ACCIDENTS ALWAYS SEEM to happen when we least expect them. When those accidents involve tooth damage, it’s important to know what steps to take. Being prepared before a dental emergency occurs can save a damaged or knocked out tooth, prevent infection and decrease the need for extensive treatment.
Step One: Find Your Dental Home
The most important step to being well-prepared for a dental emergency is establishing a dental home. This means finding a dental practice that is right for you and sticking with it. When the worst happens unexpectedly, it can be a great help to have a dentist and practice you trust by your side.
If you have found your dental home, you will likely be more familiar with their hours and know if and when your dentist provides emergency services. With an already established relationship, you know your preferred practice will be able to provide high-quality care, advice and support.
Step Two: Be Prepared
We all know accidents happen. Being “prepared” simply means knowing what to do in certain situations before a mishap actually occurs. In a dental emergency, time is of the essence–it could mean the difference between saving or losing a tooth.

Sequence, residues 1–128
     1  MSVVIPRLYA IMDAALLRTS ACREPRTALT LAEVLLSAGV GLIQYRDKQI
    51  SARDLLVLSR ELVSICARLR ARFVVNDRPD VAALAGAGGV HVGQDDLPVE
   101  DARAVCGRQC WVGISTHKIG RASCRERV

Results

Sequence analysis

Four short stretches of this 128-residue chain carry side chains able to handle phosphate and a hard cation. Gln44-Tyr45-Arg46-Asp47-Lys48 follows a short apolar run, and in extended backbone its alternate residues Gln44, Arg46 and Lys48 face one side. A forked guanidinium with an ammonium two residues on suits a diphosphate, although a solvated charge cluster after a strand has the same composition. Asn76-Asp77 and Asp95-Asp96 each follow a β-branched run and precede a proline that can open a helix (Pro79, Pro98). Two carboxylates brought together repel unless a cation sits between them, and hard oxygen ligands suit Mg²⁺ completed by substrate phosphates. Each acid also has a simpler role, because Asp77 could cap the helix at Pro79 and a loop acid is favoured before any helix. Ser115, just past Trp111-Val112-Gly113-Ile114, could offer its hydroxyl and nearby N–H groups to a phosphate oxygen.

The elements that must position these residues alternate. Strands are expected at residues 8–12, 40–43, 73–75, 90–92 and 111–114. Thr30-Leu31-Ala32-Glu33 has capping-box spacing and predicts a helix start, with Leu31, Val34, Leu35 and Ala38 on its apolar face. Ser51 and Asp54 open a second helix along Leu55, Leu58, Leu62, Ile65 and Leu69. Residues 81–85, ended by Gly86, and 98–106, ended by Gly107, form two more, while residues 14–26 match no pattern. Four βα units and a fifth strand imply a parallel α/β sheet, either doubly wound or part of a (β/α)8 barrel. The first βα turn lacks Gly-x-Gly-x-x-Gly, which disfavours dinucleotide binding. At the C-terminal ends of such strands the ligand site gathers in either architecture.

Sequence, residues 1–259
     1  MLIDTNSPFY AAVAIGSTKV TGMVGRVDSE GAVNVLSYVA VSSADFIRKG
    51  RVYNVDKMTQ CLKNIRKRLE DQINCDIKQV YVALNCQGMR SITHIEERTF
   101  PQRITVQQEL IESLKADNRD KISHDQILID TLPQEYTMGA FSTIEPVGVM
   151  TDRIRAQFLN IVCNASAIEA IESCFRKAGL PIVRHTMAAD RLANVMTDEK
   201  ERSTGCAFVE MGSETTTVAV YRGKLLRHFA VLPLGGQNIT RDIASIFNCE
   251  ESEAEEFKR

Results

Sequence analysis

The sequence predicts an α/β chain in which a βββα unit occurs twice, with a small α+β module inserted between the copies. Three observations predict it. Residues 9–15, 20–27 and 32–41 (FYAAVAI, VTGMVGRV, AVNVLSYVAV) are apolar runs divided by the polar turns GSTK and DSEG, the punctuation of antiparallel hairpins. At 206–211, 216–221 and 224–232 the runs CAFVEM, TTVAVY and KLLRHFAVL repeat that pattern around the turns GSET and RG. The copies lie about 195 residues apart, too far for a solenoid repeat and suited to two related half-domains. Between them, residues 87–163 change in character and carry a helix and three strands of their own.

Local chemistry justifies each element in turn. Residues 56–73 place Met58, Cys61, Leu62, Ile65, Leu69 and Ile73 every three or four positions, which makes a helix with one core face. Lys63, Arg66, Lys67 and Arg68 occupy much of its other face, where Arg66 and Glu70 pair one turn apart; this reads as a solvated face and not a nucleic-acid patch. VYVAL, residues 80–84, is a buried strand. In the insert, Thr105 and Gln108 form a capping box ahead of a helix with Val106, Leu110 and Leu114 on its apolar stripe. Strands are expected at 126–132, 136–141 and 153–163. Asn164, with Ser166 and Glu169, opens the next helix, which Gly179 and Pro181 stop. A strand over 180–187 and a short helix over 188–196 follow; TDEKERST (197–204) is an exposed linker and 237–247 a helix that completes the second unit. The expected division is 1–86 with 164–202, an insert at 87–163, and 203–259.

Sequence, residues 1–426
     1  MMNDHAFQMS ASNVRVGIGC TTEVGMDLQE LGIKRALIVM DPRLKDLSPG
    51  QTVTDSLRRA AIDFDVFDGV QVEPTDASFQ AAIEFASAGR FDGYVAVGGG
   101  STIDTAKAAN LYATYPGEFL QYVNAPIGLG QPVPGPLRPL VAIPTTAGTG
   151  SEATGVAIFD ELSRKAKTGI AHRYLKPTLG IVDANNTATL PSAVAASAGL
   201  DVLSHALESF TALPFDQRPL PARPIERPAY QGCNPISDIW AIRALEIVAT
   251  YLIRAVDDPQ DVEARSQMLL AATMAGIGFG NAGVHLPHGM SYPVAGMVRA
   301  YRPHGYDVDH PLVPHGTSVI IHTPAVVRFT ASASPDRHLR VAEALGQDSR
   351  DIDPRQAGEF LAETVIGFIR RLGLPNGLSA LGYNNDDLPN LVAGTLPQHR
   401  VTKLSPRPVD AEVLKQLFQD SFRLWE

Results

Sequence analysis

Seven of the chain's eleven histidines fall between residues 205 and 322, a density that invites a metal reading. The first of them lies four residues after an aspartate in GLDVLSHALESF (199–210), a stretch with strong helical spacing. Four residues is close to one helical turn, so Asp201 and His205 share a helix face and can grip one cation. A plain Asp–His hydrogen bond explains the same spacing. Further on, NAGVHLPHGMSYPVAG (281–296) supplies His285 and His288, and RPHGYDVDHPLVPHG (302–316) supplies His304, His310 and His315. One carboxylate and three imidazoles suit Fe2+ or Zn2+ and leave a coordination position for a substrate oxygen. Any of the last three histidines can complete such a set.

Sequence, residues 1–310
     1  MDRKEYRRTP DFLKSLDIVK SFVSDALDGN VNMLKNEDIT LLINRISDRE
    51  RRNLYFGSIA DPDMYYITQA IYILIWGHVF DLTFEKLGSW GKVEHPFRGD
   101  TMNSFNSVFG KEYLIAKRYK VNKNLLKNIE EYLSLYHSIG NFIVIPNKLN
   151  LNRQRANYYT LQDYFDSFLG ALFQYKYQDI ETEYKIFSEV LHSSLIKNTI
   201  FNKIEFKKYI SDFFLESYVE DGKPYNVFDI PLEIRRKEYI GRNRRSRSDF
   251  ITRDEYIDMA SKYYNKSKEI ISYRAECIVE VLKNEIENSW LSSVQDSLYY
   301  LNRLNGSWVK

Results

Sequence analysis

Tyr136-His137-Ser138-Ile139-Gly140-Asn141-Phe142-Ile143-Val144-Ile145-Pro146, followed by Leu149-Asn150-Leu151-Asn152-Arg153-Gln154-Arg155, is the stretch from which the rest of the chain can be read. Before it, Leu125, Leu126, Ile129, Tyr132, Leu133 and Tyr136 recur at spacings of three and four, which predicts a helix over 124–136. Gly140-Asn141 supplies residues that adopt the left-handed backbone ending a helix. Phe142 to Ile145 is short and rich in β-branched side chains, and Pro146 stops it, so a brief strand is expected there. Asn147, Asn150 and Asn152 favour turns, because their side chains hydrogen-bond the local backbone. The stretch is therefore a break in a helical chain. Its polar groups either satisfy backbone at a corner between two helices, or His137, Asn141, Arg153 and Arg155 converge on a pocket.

According to Dental Trauma UK (a charity set up to promote the best way to save teeth that are injured, damaged or knocked out as a result of trauma), here’s how you should handle these dental emergencies:
When a baby tooth is knocked out
If this happens to your child, contact their dentist as soon as possible. Do not replant it! The tooth will most likely not be replanted because of potential damage to the developing permanent tooth.
When a tooth is fractured or chipped
Contact your dentist immediately as prompt treatment is required. Rinse out your mouth with water and find any broken tooth fragments. Place the fragments in cold milk or water and bring it with you to the dentist.
When a permanent tooth is knocked out
Again, it is crucial to seek immediate medical attention from your dentist. Most knocked-out teeth can be saved if a dentist is seen within 30 minutes to an hour of the accident. In the meantime, find the tooth and rinse it gently in cool water (no soap), without scrubbing or cleaning it or get the person to lick it. Replace the tooth back in the socket, if possible, and hold it there with a clean tissue or hanky. If you cannot put the tooth back in the socket, place the tooth in a container with cold milk, saliva or water.
In An EmergencyWe’re Here For You
If you have a dental emergency, call us immediately. We make it our priority to be here for you, rain or shine! Do you have any more questions? Let us know in the comments below or on our Facebook page! Thank you to our wonderful patients!
Top image by Flickr user Sebastiaan ter Burg used under Creative Commons Attribution-Sharealike 4.0 license. Image cropped and modified from original.
The content on this blog is not intended to be a substitute for professional medical advice, diagnosis, or treatment. Always seek the advice of qualified health care professionals with questions you may have regarding medical conditions.